A majority of doctors say that the way in which PAs (physician associates) and AAs (anaesthesia associates) work presents a significant risk to patient safety.
A major new BMA survey, with more than 18,000 responses from UK doctors, found overwhelming concern about patient safety in the NHS owing to the current ways of employing the medical associate professions.
Some 87 per cent of doctors who took part said the way AAs and PAs currently work in the NHS ‘always’ or ‘sometimes’ poses a risk to patient safety.
A further 86 per cent reported that they felt patients were not aware of the difference between these roles and those of doctors.
And in a separate survey of the public, 29 per cent of patients said they did not know whether or not they had been seen by a PA.
It comes as the government is set to legislate to begin process of regulating physician associates and anaesthesia associates through the doctors’ regulator, the GMC.
The BMA says its survey results are ‘more evidence’ that government plans to regulate PAs and AAs by the GMC ‘are ill-thought-through and will likely further blur the lines between doctors and other roles in patients’ minds’.
Earlier this year, the association voted to campaign for PAs to instead be regulated by The Health and Care Professions Council – which regulates biomedical scientists, clinical scientists, radiographers, physiotherapists, and paramedics among other professions – to help distinguish the role from that of a doctor.
The motion at the BMA’s annual representative meeting also called for PAs to be renamed ‘physician assistants’ and ‘must take personal responsibility for their professional actions’.
Last month, the BMA called for an ‘immediate halt’ on the recruitment of PAs and AAs until they secured guarantees from government that MAPs will be ‘properly regulated’.
Encouraged by the BMA, more than 10,000 doctors have now written to their MP urging them to oppose this GMC regulation for PAs and AAs.
Philip Banfield, BMA council chair, said: ‘Doctors in the UK have been growing more and more worried about the consequences of the Government’s plan to expand the number of PAs and AAs in England. Here, at last, are numbers that show the shocking scale of that concern.
‘If well-defined, associate roles can play an important part in NHS teams, but the Government has refused to give associate roles that definition. Patients deserve to know who is treating them and the standard of care they are going to receive.
‘By blurring the lines and allowing a situation where PAs can act beyond their competence without the public understanding what they are qualified to do, both professions are demeaned and risk losing crucial public trust.’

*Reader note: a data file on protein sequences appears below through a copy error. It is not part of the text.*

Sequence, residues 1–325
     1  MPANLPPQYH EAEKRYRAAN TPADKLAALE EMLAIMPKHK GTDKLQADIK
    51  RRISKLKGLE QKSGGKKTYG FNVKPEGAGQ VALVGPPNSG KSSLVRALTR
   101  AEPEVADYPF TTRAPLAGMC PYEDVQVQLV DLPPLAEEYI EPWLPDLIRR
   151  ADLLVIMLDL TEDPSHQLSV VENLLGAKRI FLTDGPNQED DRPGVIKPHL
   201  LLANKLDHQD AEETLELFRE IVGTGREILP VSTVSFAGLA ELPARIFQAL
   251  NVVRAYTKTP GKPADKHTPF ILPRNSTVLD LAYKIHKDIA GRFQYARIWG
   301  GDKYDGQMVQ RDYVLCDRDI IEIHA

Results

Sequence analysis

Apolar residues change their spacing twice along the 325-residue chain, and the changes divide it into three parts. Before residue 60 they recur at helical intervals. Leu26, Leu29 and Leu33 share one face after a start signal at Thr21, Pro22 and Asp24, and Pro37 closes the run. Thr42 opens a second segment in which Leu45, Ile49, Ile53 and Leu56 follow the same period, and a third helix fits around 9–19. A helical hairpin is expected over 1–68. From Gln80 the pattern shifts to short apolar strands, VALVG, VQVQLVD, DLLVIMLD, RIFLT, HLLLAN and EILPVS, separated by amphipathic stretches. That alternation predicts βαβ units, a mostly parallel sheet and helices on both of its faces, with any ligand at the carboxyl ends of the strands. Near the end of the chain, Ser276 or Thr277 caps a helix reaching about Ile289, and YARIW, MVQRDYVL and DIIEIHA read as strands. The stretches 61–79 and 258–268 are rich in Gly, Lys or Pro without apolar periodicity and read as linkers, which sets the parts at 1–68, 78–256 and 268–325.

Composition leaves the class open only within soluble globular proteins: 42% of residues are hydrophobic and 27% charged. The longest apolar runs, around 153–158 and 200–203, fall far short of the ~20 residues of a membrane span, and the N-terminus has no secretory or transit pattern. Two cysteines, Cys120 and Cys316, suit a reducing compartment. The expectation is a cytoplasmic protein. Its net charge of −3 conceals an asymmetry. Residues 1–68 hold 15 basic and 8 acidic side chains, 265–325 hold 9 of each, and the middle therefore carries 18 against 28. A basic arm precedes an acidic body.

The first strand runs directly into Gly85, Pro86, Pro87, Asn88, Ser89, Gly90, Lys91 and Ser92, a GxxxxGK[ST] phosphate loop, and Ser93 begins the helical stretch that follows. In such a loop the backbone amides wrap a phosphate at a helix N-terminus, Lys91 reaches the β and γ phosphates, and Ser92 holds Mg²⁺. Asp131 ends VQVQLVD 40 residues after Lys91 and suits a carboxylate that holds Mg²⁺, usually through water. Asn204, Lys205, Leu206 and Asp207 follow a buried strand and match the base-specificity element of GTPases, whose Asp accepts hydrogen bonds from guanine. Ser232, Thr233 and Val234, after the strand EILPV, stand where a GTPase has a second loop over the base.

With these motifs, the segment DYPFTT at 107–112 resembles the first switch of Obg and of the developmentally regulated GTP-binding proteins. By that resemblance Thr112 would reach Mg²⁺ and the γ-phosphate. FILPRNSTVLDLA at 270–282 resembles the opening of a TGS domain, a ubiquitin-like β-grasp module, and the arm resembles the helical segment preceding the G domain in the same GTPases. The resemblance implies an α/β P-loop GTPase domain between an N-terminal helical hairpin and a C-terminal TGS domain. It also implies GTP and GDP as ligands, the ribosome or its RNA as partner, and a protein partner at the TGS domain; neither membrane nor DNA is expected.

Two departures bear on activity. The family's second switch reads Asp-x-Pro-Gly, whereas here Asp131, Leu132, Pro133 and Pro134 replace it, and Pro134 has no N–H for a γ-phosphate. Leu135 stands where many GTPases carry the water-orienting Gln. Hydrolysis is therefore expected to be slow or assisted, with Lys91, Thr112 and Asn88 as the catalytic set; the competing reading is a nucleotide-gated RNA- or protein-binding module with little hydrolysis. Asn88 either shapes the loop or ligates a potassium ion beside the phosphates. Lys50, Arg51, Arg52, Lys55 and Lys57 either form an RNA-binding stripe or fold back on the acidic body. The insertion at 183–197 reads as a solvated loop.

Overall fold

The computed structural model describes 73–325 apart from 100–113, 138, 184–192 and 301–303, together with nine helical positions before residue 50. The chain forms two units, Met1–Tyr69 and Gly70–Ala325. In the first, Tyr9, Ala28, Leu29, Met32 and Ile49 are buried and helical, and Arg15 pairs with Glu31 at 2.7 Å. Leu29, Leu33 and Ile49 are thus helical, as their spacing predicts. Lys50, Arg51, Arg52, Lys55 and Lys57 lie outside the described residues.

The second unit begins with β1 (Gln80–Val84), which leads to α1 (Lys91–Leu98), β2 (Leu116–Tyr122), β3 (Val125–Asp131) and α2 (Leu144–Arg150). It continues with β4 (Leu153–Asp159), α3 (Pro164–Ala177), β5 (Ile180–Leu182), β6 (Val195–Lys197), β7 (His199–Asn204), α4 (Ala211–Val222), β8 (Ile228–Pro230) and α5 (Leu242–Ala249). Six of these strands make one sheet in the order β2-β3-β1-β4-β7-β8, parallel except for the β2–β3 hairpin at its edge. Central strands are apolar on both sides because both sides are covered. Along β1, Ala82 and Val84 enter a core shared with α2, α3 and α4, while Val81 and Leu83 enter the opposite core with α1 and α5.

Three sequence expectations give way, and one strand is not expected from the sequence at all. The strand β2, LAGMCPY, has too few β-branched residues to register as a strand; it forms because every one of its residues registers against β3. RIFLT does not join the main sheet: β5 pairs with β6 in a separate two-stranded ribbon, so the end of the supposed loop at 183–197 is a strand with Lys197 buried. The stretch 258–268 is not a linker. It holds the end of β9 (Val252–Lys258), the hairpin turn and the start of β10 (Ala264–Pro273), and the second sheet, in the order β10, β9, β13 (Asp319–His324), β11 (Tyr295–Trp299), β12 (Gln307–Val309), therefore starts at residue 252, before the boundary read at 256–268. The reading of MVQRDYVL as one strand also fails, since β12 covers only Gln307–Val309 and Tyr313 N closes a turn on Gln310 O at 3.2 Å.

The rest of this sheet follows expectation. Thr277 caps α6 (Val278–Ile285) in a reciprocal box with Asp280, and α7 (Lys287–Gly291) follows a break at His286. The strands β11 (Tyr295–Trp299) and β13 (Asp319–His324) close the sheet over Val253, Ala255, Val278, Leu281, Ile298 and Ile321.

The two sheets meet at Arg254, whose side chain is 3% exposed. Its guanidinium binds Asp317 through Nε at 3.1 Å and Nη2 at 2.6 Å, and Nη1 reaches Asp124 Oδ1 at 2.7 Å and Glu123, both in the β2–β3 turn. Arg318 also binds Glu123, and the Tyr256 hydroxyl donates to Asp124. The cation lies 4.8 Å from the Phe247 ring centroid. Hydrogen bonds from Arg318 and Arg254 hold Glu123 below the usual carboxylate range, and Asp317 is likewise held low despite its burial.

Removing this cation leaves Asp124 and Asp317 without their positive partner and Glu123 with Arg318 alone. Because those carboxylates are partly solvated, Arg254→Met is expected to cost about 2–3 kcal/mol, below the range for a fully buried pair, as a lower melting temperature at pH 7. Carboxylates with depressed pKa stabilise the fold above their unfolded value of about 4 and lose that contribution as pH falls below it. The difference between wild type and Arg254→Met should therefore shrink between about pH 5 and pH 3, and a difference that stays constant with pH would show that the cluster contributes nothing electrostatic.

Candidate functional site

Prof Banfield added: ‘This week Government has continued to press ahead with plans to regulate PAs as if they are doctors - using the GMC. At every stage we have been clear that the GMC is the wrong regulator for medical associate professionals: it is the body for regulating doctors, which these staff are not.
‘The Government is encouraging a false representation. Patients being told that the people seeing them are regulated by the same body that regulates doctors will make them think they are receiving a doctor’s standard of care.
‘Indistinguishable GMC numbers will make it difficult to tell if you have seen a doctor, even when patients ask. But there is no comparison between the two years of a PA’s training and the four to six of a qualified doctor. And by giving the impression that PAs can do what doctors can do, the Government is risking yet more patient safety incidents along the lines we have already seen.’
The Government’s NHS long-term workforce plan, published earlier this year, includes a proposed expansion to up to 10,000 roles for PAs and 2,000 for AAs. There are currently about 1,500 PAs working in hospitals and 1,700 in primary care settings, and about 320 AAs.
‘The creeping expansion of these roles and their central part in the Government’s workforce plan for the NHS has been undertaken against the advice and warnings of an entire profession,’ said Prof Banfield.
‘To change the nature of medical care in this country without the consent of the medical profession is utter folly and will be revealed as such.
‘There is still time for the Government to reverse course and finally listen to the medical professionals who know what they are talking about. The BMA will continue to oppose this dangerous path every step of the way.’
Health secretary Victoria Atkins, who took up her role last month, said the long-term workforce plan will ensure the NHS ‘has a workforce fit for the future’.
She added: ‘This new legislation paves the way for these professionals to be held to the same strict standards as doctors, boosting patient safety.’
Charlie Massey, chief executive of the GMC, said: ‘Regulation will help increase the contribution PAs and AAs can make to UK healthcare while keeping patients safe.
‘We are working hard to design and deliver detailed regulatory processes for registration, education, standards and fitness to practise for both professions.’